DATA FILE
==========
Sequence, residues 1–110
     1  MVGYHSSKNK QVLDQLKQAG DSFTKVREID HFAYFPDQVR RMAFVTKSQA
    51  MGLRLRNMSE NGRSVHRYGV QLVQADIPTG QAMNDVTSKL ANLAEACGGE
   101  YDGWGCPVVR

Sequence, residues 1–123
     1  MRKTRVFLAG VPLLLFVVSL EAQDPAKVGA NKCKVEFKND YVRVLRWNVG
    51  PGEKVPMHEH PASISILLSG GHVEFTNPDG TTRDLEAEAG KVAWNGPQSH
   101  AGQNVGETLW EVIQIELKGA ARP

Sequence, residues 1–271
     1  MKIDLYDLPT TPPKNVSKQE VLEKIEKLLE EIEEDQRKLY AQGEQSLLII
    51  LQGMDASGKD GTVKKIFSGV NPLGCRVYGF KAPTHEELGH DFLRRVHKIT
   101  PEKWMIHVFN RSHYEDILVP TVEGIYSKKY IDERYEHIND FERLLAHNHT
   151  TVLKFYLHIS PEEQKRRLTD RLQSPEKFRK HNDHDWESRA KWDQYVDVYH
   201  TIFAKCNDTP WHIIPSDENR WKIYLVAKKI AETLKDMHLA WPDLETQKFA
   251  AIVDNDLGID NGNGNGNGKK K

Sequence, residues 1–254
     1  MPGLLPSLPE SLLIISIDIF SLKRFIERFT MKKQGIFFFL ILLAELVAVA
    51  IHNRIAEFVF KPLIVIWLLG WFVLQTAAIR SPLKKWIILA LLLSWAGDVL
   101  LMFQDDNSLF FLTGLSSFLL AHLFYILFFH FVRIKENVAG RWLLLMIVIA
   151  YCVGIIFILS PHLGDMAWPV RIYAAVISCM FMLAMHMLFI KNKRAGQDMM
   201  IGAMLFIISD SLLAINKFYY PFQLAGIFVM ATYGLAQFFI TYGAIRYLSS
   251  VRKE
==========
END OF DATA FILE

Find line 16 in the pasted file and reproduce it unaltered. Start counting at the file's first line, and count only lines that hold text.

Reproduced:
Sequence, residues 1–254